Late Summer Gardens

I spend the late summer doing two things: praising the
virtues of salvia, and getting ready for fall planting.

 My flower
garden tends to “pop” in May and June, then go into sort of a decline after
that. Many of the spring and summer
wildflowers are past their prime, the rhododendrons and azaleas have long since
taken their final bow, and by July the garden settles into a sort of green
complacency. That is, until the salvias
get going.

 I’ve planted
any number of large, showy salvias in a long, narrow border on the west side of
the house where they probably don’t get quite as much sun as they need. That tends to slow down their growth and
make them bloom later, but even if they were in full sun, many of these plants
would not start blooming until late summer and early fall.

favorites include Salvia ‘Purple Majesty,’ an enormous lanky shrub with
deep blue-purple flowers that has intertwined itself with the slightly larger
and equally impressive red Salvia gesneriiflora ‘Tequila.’ This
brilliant show of red and blue fills a corner that is dominated in spring and
summer by an overgrown hydrangea. By
fall it’s time to cut the spent blossoms off the hydrangea, so the salvia jumps
in to take its place. 

 To further
entertain the hummingbirds, I’ve planted Salvia elegans, or pineapple
sage, nearby. It puts up new growth by
suckers and covers the ground densely, crowding out weeds. From late summer through winter, the red,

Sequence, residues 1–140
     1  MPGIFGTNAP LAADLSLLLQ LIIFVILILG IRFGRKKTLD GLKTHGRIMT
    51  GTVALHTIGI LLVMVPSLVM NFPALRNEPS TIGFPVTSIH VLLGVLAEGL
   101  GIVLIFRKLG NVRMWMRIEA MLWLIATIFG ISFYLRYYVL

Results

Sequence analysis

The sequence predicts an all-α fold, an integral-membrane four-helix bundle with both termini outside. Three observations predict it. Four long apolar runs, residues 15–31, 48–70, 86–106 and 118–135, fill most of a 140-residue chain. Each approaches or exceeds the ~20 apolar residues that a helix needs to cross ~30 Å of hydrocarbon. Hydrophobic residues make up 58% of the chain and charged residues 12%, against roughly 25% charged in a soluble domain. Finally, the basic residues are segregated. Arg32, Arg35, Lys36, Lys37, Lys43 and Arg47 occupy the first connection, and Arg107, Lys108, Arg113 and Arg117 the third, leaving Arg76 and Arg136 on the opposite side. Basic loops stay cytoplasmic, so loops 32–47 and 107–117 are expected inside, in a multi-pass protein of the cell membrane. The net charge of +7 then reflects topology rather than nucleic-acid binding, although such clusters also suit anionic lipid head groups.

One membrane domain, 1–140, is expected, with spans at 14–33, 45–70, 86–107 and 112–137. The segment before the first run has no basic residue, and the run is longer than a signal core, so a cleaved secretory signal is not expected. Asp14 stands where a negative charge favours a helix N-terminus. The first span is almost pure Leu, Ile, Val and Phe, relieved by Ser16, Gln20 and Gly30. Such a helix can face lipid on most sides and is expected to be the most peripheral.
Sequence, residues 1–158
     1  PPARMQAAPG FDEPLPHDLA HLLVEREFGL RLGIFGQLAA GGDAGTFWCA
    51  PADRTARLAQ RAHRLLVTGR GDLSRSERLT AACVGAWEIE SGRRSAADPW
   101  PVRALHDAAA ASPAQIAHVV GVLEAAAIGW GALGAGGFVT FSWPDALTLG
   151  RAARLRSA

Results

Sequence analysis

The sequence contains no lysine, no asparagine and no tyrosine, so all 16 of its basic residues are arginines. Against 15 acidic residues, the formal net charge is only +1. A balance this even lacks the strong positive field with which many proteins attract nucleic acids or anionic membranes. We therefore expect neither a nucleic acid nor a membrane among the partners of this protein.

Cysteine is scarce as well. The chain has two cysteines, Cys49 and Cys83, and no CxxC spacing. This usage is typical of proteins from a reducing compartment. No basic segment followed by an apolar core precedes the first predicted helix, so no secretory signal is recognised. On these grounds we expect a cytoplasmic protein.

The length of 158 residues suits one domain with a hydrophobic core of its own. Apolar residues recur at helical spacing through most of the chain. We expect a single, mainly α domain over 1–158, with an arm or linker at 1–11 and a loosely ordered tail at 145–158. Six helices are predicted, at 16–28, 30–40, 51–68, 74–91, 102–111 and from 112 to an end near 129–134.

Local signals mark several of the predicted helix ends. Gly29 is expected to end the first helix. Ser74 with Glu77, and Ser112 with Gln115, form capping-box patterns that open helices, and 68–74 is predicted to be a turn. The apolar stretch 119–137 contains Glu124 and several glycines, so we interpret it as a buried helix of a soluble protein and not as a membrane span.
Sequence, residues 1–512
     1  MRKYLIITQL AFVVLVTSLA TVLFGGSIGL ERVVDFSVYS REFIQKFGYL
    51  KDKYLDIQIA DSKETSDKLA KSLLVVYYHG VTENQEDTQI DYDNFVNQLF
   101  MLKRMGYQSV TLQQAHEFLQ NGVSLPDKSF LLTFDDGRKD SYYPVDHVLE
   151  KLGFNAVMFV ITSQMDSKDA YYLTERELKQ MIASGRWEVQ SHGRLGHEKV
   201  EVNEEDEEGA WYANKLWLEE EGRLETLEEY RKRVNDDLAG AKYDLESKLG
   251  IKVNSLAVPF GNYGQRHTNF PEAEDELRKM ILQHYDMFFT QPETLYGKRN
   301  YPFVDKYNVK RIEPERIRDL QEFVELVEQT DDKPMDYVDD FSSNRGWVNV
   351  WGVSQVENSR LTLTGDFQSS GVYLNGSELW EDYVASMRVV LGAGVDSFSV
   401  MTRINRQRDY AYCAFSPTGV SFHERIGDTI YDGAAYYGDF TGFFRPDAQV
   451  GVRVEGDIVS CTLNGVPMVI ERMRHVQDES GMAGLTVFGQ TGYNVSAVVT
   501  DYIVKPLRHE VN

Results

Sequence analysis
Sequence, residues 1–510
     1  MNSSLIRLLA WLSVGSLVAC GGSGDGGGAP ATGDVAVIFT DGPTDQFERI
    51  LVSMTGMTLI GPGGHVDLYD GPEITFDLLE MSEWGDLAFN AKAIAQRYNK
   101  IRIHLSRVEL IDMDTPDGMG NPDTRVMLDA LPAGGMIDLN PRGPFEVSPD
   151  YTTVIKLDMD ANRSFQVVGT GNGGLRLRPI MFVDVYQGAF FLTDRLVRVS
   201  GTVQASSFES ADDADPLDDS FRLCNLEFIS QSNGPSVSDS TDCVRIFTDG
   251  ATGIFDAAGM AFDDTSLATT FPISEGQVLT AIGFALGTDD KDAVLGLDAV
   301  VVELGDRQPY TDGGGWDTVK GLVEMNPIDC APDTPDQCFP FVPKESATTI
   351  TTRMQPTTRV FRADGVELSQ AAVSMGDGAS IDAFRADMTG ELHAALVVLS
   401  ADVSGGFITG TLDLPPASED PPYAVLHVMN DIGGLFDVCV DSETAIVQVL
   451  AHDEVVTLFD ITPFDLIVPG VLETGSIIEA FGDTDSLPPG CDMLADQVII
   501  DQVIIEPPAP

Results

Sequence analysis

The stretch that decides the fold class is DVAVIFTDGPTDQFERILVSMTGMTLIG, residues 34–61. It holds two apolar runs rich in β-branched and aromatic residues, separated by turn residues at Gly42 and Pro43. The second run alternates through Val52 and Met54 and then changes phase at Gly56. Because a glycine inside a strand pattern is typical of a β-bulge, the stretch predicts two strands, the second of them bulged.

trumpet-shaped blossoms are a wonderful nectar source. Finally, the many Salvia greggii
shrubs (available in a wide range of colors), can take summer heat and dry
soil, and they bloom non-stop.

 When I’m
not admiring my salvias, I’m getting ready for fall planting. Fall is the time to plant perennials, and I
get a jump start by clearing weeds and preparing the soil. This year I pulled weeds and brambles out of
the alley, laid down a thick layer of cardboard in a narrow strip behind my
fence, and topped it with the least expensive compost I could buy at the garden
center—a mixture of steer manure and composted wood products.

Over the next few
months, I’ll continue to top it off with fallen leaves, grass clippings, manure
and litter from the chicken coop, and compost. This will smother the weeds and decompose in place. By the time the winter rains begin, I’ll be
ready to plant a row of gorgeous winter and early spring-blooming shrubs to
brighten the alley and provide another nesting and shelter spot for birds.